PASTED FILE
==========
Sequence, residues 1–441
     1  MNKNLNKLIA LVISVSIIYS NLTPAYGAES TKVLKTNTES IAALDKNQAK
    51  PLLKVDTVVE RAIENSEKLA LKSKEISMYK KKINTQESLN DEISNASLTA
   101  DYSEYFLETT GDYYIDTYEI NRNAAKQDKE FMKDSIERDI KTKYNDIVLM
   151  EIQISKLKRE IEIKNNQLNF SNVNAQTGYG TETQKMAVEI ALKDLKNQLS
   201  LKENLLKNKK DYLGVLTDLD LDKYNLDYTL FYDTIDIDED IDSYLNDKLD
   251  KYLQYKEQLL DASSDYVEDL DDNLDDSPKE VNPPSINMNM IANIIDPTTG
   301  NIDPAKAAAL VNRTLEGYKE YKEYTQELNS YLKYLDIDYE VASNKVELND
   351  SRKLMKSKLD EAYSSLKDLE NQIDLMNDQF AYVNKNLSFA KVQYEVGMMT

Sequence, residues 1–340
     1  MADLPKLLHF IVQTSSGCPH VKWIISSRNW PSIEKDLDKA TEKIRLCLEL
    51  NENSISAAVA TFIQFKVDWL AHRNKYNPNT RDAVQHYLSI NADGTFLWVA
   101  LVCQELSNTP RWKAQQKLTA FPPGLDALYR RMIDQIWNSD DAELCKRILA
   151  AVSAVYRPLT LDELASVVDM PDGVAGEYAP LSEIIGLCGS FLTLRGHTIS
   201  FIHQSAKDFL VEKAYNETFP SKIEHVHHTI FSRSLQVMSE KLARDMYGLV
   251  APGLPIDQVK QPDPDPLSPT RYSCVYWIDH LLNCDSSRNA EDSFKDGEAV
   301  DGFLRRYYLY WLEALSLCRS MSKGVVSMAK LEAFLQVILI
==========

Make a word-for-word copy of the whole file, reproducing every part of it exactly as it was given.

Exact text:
Sequence, residues 1–441
     1  MNKNLNKLIA LVISVSIIYS NLTPAYGAES TKVLKTNTES IAALDKNQAK
    51  PLLKVDTVVE RAIENSEKLA LKSKEISMYK KKINTQESLN DEISNASLTA
   101  DYSEYFLETT GDYYIDTYEI NRNAAKQDKE FMKDSIERDI KTKYNDIVLM
   151  EIQISKLKRE IEIKNNQLNF SNVNAQTGYG TETQKMAVEI ALKDLKNQLS
   201  LKENLLKNKK DYLGVLTDLD LDKYNLDYTL FYDTIDIDED IDSYLNDKLD
   251  KYLQYKEQLL DASSDYVEDL DDNLDDSPKE VNPPSINMNM IANIIDPTTG
   301  NIDPAKAAAL VNRTLEGYKE YKEYTQELNS YLKYLDIDYE VASNKVELND
   351  SRKLMKSKLD EAYSSLKDLE NQIDLMNDQF AYVNKNLSFA KVQYEVGMMT

Sequence, residues 1–340
     1  MADLPKLLHF IVQTSSGCPH VKWIISSRNW PSIEKDLDKA TEKIRLCLEL
    51  NENSISAAVA TFIQFKVDWL AHRNKYNPNT RDAVQHYLSI NADGTFLWVA
   101  LVCQELSNTP RWKAQQKLTA FPPGLDALYR RMIDQIWNSD DAELCKRILA
   151  AVSAVYRPLT LDELASVVDM PDGVAGEYAP LSEIIGLCGS FLTLRGHTIS
   201  FIHQSAKDFL VEKAYNETFP SKIEHVHHTI FSRSLQVMSE KLARDMYGLV
   251  APGLPIDQVK QPDPDPLSPT RYSCVYWIDH LLNCDSSRNA EDSFKDGEAV
   301  DGFLRRYYLY WLEALSLCRS MSKGVVSMAK LEAFLQVILI